Indigenous Australians from across the country devastated by Saturday night’s referendum result have called a “week of silence” to grieve the outcome and “reflect on its meaning and significance”.
In addition to a total media blackout, the Yes leaders said they would lower their Aboriginal and Torres Strait Islander flags to half-mast for the week to acknowledge the result, and called for others to do the same.
“Now is not the time to dissect the reasons for this tragic outcome. This will be done in the weeks, years and decades to come,” the group said in a statement.
“Now is the time for silence, to mourn and deeply consider the consequence of this outcome.”
They said in the fullness of time, they would announce their path forward.
An emotional Prime Minister Anthony Albanese praised the efforts of Indigenous leaders, and thanked Australians who had voted for recognition, declaring it was “not the end of the road”.
“And it is certainly not the end of our efforts to bring people together,” he said.
“The issues we sought to address have not gone away, and neither have the people of goodwill and good heart who want to address them.
“And address them we will, with hope in our heart, with faith in each other, with kindness towards each other, walking together in a spirit of unity and healing, walking together for a better future for the First Australians, whose generosity of spirit and resilience intensifies the privilege that all Australians have of sharing this consonant with the oldest continuous culture on earth.”
🚨 a statement from Indigenous Australians who backed the Voice
"when we determine a new direction for justice and our rights, let us once again unite. Let us convene in due course to carefully consider our
"We are calling A Week of Silence from tonight to grieve" pic.twitter.com/7S4MzGsdVE
— Josh Butler (@JoshButler) October 14, 2023
The group of Indigenous leaders lamented the fact that the people who had “only been on this continent for 235 years would refuse to recognise those whose home this land has been for 60,000 and more years is beyond reason”.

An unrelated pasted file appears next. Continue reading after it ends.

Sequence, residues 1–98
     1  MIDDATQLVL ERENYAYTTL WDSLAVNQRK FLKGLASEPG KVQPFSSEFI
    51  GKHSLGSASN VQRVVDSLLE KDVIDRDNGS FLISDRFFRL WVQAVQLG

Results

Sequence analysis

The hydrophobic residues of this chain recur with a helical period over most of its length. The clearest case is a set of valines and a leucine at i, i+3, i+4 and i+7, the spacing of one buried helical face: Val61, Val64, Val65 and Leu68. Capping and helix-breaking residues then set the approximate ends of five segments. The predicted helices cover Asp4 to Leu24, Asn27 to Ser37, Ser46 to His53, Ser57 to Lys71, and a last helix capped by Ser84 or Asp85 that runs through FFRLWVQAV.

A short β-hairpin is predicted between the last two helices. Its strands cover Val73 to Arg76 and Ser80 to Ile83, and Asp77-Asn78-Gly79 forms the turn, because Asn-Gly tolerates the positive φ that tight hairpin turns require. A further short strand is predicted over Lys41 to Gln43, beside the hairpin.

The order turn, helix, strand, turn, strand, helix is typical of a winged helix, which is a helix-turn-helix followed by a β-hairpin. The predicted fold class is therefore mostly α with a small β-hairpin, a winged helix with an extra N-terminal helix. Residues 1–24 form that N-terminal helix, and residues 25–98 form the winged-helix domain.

“The referendum was a chance for newcomers to show a long-refused grace and gratitude and to acknowledge that the brutal dispossession of our people underwrote their every advantage in this country,” they said in the post, which was shared by the Central Land Council, Central Australian Congress, and the NSW Aboriginal Land Council.
Although Indigenous leaders say Saturday night’s result spells an end to the plight of reconciliation, Indigenous Australians Minister Linda Burney said otherwise.
“To all Aboriginal and Torres Strait Islander people, I want to say this: I know the last few months have been tough, but be proud of who you are, be proud of your identity, be proud of the 65,000 years of history and culture that you are part of, and your rightful place in this country,” she said.
“We will carry on, we will move forward, and we will thrive.
“This is not the end of reconciliation, and in the months ahead, I will have more to say about the government’s renewed commitment to closing the gap, because we all agree we need better outcomes for First Nations people.”
The Indigenous leaders thanked the Prime Minister and his government for having the “conviction” to hold the referendum, and paid their respects to all other parliamentarians – particularly the Liberals who advocated for yes – who, they said, supported the Voice and “stood by us”.
They paid respect to the millions of Australians of “love and goodwill” who supported the Voice in hopes of putting the “colonial past behind us by choosing belated recognition and justice”.
“To our people we say: do not shed tears. This rejection was never for others to issue. The truth is that rejection was always ours to determine. The truth is that we offered this recognition and it has been refused,” they said.
“We now know where we stand in this, our own country.”